Bladder Cancer – Strikes 61,000 Americans a year!


INTRODUCTION: Bladder cancer refers to any of several types of malignant growths of the urinary bladder. It characteristically causes blood in the urine; this may be visible to the naked eye (frank haematuria) or detectable only by using a microscope (microscopic hematuria).

It is the fourth most common cancer in men and the 9th most common cancer in women, affecting almost 61,000 Americans a year and is about four times more likely to be found in men than women. It is considered very common in the U.S.

TREATMENT: It depends on how deep the tumor invades into the bladder wall and is usually performed once a week for several weeks and can be repeated several times if the cancer returns. The most common treatment for superficial bladder cancer is BCG, a kind of biologic therapy which elevates the body’s immune system to fight the tumor. Medicines available include mitomycin-C, thiotepa, interferon and a newly available agent, valrubicin.

It has not yet been determined how the effectiveness of this form of treatment compares to that of radical ablative surgery. More than half of patients who opt for this treatment experience recurrence of the tumor (the cancer coming back).

TYPES: The most common kind begins in cells lining the inside of the bladder and is called urothelial cell or transitional cell carcinoma (UCC or TCC). World-class pathologists at Fox Chase Cancer Center examine tissues under a microscope to diagnose the type, as follows: Urothelial carcinoma or transitional cell carcinoma–accounting for 90 percent of bladder cancers as well as Squamous cell carcinoma, Adenocarcinoma and Small cell Related Cancers.

Surgeons at Fox Chase Cancer Center are highly capable in treating all types. Persons with cancer of the bladder sometimes have a similar kind of cancer in the lining of the kidneys (called the renal pelvis), the ureters or the urethra.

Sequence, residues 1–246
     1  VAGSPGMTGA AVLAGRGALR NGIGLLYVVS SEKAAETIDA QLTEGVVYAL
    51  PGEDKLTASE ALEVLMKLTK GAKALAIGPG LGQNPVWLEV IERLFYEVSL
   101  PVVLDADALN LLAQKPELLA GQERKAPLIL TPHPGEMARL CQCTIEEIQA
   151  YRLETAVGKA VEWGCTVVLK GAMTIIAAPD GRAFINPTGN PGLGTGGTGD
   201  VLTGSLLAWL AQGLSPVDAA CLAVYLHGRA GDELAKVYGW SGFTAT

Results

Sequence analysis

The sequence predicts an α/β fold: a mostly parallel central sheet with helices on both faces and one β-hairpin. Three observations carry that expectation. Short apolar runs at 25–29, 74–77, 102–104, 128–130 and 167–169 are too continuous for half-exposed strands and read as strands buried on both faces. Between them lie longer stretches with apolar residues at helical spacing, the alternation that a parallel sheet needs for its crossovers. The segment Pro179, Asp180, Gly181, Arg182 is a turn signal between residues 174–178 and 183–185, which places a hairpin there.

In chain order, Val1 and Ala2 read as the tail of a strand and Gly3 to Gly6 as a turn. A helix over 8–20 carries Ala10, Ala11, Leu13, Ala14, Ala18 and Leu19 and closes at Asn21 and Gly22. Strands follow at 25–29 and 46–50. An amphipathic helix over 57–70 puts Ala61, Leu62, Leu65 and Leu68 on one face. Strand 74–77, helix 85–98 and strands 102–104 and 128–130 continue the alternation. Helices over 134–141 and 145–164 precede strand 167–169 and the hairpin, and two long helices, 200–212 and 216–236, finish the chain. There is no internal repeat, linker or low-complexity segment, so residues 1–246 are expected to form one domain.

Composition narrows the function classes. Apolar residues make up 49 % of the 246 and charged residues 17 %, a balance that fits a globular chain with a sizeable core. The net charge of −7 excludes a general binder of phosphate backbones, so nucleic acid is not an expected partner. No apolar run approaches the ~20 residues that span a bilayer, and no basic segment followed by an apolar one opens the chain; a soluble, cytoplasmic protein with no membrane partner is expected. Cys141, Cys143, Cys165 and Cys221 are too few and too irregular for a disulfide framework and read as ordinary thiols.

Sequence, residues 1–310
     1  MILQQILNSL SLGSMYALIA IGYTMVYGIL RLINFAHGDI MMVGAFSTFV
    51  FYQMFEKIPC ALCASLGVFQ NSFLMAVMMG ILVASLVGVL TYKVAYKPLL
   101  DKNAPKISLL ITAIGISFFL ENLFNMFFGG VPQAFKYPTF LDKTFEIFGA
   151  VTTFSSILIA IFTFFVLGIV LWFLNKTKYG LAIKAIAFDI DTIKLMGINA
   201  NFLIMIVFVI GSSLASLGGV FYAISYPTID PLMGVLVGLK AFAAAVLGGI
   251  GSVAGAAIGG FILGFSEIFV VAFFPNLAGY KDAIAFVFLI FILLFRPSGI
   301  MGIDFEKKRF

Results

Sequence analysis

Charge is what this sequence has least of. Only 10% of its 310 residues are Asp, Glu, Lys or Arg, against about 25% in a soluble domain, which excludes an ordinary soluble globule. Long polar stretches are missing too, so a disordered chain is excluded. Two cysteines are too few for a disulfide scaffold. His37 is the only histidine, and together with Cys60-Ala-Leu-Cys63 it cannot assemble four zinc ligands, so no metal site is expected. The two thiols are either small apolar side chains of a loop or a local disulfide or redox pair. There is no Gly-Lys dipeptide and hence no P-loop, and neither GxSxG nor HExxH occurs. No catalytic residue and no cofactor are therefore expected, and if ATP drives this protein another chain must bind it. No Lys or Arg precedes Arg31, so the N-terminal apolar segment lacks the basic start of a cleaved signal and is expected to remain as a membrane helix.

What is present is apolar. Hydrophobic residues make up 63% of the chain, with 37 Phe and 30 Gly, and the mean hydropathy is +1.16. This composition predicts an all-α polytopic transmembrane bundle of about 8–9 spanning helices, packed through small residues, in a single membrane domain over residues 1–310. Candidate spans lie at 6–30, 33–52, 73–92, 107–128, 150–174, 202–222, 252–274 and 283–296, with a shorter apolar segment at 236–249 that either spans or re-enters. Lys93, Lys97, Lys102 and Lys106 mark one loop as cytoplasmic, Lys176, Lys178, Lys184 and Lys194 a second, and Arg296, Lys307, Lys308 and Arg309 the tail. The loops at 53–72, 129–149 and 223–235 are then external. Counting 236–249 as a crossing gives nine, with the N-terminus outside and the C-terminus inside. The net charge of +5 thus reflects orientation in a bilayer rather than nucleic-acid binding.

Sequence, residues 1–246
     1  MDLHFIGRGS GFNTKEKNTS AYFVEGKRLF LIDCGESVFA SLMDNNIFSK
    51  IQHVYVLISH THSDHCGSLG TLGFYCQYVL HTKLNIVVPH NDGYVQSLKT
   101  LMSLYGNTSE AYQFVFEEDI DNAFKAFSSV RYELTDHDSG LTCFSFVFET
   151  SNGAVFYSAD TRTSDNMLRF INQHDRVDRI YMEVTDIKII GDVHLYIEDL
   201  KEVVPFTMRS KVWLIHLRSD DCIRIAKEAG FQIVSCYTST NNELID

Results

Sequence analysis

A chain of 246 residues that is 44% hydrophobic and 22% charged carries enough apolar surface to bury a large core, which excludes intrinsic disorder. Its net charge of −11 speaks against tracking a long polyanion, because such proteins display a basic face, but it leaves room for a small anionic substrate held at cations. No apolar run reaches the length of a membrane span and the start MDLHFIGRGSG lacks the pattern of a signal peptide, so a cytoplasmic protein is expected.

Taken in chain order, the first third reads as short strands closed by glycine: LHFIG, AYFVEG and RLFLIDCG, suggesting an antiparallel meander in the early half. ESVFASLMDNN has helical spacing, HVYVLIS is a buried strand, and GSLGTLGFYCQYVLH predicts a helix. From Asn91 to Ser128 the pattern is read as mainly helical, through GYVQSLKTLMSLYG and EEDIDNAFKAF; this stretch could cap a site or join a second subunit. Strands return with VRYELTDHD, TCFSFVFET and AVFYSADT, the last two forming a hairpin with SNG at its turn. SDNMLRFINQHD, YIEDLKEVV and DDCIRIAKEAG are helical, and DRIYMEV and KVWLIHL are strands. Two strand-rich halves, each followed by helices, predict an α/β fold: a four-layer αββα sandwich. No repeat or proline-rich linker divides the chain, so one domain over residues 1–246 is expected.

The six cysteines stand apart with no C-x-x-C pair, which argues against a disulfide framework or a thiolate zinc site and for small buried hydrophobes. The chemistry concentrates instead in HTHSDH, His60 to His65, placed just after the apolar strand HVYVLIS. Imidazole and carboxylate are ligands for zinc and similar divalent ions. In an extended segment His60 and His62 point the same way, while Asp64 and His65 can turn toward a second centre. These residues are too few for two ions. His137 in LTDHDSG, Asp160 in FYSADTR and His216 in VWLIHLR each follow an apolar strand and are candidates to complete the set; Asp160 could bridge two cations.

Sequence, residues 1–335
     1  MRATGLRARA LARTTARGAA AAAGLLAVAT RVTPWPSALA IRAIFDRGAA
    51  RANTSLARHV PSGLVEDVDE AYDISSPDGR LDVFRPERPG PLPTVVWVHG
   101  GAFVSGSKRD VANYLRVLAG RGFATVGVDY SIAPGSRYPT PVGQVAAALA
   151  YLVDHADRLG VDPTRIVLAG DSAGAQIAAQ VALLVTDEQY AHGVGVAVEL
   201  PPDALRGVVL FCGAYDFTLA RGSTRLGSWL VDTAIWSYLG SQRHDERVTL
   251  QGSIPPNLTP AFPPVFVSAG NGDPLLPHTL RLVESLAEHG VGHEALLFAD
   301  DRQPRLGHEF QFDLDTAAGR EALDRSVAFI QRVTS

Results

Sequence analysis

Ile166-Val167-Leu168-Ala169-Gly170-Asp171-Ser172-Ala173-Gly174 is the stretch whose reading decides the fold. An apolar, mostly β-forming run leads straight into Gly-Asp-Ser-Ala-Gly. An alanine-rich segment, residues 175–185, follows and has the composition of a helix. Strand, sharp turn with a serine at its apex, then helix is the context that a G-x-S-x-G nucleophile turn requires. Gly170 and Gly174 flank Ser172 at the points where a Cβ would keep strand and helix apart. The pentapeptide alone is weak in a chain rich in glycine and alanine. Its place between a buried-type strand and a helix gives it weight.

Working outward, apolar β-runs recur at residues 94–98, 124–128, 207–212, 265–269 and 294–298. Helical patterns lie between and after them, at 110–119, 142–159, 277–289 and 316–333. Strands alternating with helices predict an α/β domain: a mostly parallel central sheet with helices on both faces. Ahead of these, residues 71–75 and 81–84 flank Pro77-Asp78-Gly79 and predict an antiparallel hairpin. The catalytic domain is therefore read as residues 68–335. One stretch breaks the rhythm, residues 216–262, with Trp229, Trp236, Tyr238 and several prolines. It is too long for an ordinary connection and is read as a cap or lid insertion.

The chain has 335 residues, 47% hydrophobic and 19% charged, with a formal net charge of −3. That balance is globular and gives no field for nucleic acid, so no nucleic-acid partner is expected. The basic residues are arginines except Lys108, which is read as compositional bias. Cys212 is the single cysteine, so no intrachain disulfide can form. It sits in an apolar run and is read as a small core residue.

SYMPTOMS: While the symptoms of bladder cancer are few, they are noticeable. These signs and symptoms are not however specific to cancer of the bladder, and are also caused by non-cancerous conditions, including prostate infections and cystitis. Possible symptoms include pain during urination, frequent urination (Pollakiuria) or feeling the need to urinate without results.

Many patients with a history, signs and symptoms suspicious for the disease are referred to a urologist or other doctor trained in cystoscopy, a procedure in which a flexible tube carrying a camera and various instruments is introduced into the bladder via the urethra.

RISK: Approximately 20% of cases occur in patients without predisposing risk factors. It has been proposed that hair dyes are a risk factor. Hairdressers are thought to be at risk as well because of their frequent exposure to permanent hair dyes. Occupations at risk are metal industry workers, rubber industry workers, workers in the textile industry and people who work in printing. Some studies also suggest that auto mechanics have an elevated risk due to their frequent exposure to hydrocarbons and petroleum-based chemicals. A family history of the disease is also a risk factor.

Conclusion: Cancer of the bladder is a disease in which cancerous cells form in the tissues of the bladder. Such cases may be treated with surgery, radiation therapy, chemotherapy, biologic therapy or a combination of methods. Exposure to environmental carcinogens of various kinds is primarily responsible for the development of most bladder cancers.

The gold standard for diagnosing the disease is urine cytology and transurethral (through the urethra) cystoscopy. Cytology is very specific (a positive result is highly indicative of bladder cancer) but suffers from low sensitivity (a negative result does not exclude the diagnosis of cancer). 90% of cases are Transitional cell carcinomas (TCC) that arise from the inner lining of the bladder called the urothelium.

In the U.S., bladder cancer is the 4th most common type of cancer in men and the 9th most common cancer in women. Over 47,000 men and 16,000 women are diagnosed with the disease each year. There are now newer urine bound markers for the diagnosis of bladder cancer.

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